I’m Fixin’ to Get That

Written By: Kim - Sep• 24•11

It’s amazing how quickly we slip in to our accent and vernacular. I was watching the University of Alabama game against the University of Arkansas Razorbacks. I was multitasking in the kitchen making a pear cake and dinner, when I slipped in to my southern roots. When I said, “I’m fixin’ to get that,” my children did a double take. They had never heard me talk like that. When my husband met me 21 years ago, I had only lived in Maryland for six months. I still had a slight southern accent that most people picked up on quickly. For my friends who have never visited or lived in the south, we call it southern.

I was a military brat who grew up in Georgia and Alabama. My Dad kept getting reassigned to Ft. Rucker, Alabama, so I consider Alabama “where I come from.” I finished high school there in a small town and graduated from college. It was a fabulous experience and I wouldn’t trade it for anything. But as a publishing professional for two decades, my speaking and writing has changed drastically since growing up in Alabama. Ain’t is no longer in my vocabulary. Nothing ends in “in'” it’s “ing.” My family doesn’t “git” anything.

I  haven’t visited Alabama since 1993. My Mom had a stroke and I flew home. My parents moved to South Carolina about two years later. I have not ventured back for any Enterprise High School class reunions. How could I so quickly launch in to speaking southern?

What made me slip in to my vernacular? A Crimson Tide football game and Facebook posts with former classmates who completely understand what football means. In the south, football is king. There are no other sports. Sure, we have other sports, but none are really as important. In the late summer and early fall, it’s all about football and marching bands, whether it’s high school or college. We eat, sleep and breathe it and our party lines are drawn: You’re either rooting for our team or you’re not. You’re either wearing our team colors or you’re an outlaw — at least during the game.

I was rather late to the Facebook game. I was active with Twitter and LinkedIn. I didn’t need Facebook. But since I joined this summer, I have reconnected with high school friends. It’s almost like we all haven’t been separated for over two decades. We all have kids; some of which are engaged or getting married. Some of us have lost a parent. We’re all working or own businesses and trying to enjoy our lives. I sincerely hope that we are living some part of our dream, if not all of it.

We all seem to be enjoying ourselves.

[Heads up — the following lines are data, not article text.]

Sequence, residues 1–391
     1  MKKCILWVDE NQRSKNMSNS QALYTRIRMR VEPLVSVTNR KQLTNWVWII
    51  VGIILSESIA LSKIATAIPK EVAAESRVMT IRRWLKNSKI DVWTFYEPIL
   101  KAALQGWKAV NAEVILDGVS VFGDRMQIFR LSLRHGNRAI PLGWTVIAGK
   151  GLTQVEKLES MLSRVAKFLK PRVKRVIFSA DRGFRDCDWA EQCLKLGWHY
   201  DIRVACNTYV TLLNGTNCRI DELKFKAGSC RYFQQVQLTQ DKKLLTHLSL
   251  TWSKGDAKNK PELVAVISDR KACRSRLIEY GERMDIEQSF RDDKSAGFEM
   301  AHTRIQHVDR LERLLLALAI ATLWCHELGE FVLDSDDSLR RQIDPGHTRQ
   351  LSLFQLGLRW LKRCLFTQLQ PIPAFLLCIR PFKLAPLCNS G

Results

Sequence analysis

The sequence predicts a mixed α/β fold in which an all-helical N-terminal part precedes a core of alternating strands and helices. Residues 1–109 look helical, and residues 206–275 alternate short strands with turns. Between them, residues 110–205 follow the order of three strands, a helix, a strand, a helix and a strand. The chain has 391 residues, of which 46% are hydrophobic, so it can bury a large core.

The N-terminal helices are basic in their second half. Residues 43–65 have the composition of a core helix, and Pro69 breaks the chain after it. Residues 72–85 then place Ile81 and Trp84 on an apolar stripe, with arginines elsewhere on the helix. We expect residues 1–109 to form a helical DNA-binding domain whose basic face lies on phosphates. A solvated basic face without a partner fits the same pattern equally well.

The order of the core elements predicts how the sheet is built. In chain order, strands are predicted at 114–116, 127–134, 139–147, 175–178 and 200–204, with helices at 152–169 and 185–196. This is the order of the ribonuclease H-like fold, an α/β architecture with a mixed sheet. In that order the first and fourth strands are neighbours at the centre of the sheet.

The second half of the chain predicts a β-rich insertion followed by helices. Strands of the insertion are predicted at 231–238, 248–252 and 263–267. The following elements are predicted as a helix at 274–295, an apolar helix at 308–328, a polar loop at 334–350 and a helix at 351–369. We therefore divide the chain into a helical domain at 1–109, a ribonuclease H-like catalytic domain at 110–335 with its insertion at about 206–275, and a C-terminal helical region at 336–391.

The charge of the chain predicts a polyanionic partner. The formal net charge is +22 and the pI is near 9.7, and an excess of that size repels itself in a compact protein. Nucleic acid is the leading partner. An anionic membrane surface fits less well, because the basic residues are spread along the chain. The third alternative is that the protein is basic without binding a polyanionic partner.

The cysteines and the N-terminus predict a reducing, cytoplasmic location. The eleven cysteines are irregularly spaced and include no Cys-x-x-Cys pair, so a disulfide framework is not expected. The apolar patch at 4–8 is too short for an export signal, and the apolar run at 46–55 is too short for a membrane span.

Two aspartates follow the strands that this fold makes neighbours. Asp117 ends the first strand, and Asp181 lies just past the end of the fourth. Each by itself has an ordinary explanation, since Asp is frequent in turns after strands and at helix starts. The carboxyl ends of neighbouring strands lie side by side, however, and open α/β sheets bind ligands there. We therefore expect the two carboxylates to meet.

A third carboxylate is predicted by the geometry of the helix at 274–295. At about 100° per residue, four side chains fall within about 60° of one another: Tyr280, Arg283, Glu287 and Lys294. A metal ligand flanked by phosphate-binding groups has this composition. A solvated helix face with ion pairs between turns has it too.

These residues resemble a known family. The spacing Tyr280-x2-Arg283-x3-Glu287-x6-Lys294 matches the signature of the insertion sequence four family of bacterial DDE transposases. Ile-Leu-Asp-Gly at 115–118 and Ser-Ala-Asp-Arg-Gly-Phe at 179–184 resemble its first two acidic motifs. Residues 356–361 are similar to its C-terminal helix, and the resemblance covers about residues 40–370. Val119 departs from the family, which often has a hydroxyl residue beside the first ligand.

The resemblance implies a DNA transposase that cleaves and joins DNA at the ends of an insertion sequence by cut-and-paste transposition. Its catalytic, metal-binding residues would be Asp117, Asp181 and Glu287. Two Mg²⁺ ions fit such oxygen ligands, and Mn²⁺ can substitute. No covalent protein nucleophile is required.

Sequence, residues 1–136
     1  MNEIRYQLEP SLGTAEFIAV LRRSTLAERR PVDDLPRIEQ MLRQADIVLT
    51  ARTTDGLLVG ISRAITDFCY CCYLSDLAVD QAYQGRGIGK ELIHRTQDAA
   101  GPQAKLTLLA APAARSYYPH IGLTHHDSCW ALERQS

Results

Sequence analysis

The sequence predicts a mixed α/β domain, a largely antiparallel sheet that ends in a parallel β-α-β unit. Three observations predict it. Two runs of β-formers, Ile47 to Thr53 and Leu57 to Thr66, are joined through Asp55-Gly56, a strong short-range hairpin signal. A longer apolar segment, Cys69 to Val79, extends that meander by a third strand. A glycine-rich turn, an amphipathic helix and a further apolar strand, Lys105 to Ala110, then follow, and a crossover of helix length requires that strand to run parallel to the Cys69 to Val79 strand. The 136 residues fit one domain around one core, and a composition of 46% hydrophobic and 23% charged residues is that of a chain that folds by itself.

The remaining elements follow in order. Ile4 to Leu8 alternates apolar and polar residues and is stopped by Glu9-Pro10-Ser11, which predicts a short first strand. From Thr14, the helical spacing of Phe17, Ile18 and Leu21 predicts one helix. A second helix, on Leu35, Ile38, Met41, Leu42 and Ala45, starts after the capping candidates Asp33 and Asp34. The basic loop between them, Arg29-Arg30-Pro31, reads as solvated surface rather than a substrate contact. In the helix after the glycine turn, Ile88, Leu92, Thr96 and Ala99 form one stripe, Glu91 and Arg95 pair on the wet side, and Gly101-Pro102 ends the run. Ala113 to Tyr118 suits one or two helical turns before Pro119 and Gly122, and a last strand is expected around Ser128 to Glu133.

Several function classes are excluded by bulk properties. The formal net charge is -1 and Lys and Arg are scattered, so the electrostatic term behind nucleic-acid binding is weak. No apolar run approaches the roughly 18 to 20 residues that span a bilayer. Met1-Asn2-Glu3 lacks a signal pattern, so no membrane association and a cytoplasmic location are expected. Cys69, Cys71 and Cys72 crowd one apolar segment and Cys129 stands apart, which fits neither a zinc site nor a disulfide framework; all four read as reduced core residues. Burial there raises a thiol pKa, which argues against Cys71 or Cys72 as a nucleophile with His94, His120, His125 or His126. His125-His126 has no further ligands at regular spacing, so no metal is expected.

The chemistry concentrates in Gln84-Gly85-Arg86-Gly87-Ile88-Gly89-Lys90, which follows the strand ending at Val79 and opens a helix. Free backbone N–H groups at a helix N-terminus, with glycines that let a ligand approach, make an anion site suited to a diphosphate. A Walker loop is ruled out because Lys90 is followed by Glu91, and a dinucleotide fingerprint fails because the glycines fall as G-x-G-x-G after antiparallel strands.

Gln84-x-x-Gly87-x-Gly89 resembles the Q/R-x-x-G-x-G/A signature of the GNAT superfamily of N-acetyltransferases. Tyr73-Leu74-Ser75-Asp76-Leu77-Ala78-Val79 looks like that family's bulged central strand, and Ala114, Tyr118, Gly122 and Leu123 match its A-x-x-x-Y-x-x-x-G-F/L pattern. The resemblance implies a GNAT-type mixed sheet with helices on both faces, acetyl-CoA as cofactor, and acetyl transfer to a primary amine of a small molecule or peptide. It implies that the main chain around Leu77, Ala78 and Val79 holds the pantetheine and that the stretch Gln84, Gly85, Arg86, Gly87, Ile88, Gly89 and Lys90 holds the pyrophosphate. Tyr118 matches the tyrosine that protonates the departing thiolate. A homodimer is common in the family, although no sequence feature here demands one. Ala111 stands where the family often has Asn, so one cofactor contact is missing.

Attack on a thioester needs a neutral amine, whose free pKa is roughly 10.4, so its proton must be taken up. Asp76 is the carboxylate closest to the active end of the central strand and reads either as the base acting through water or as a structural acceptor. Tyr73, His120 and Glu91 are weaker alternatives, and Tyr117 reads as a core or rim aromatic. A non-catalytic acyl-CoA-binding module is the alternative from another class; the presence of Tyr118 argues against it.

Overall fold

And, we all love our football.

Go Wildcats!

Roll Tide Roll!

Has Social Media Left Us with Nothing to Say?

Written By: Kim - Sep• 15•11

For quite some time, I resisted creating a Facebook account. I was active on Twitter. I had 500+ connections on LinkedIn. I did not care to be on Facebook. But like everyone else (or so it seems) in the world, I caved and created an account. I told myself it was so I understood Facebook more now that my children were on it. I was convinced that I was expanding my social media experience to stay relevant in the job market. I said I wanted to increase my Klout score.


I quickly connected with friends, colleagues, college and high school friends I long ago had forgotten. As I scoured the list of names I might be connected with, a flood of memories came over me. The familiar names had me wondering how, after over two decades, I could recall these people from high school. Since I have not made it back to any high school reunions, I wondered how everyone was and what those of us who did or did not get along would think of each other as adults.

Now, I find myself immersed in everyone’s daily diary. Whatever it going on with each of us, we post. This includes happy or sad events and funny or frustrating moments. We watch each other’s children grow up. We have discussions over purchasing a power blender, planting a vegetable garden or showing off a new pair of shoes. We post photo albums of amazing trips, observations or just plain funny events. And then none of us can let anyone else have the last word, so we keep getting notifications of someone responding to our post or someone else’s. I too am guilty of this.

I majored in journalism and public relations in college and admit I am a news junkie. A professor told me I was the social butterfly of the journalism department. I always want to know what is happening. Before Facebook, most people classified this as nosiness. Now it’s called status.


This really didn’t bother me until I was on a conference call with two colleagues I serve with on a volunteer basis. As we waited for others to join, I asked them what was going on.

Then I realized and commented that because we were all connected on Facebook, we already knew what was going on. We really had little to talk about. Our normal small talk was met with uncomfortable silence.

As we continue to see each other check in, post pictures, discuss the latest headline or make some observation, let’s remember to hold something back. Face-to-face interaction still matters. Keeping something private to discuss later will serve us all well.

I guess this means my blog will be quiet for a little while. Maybe.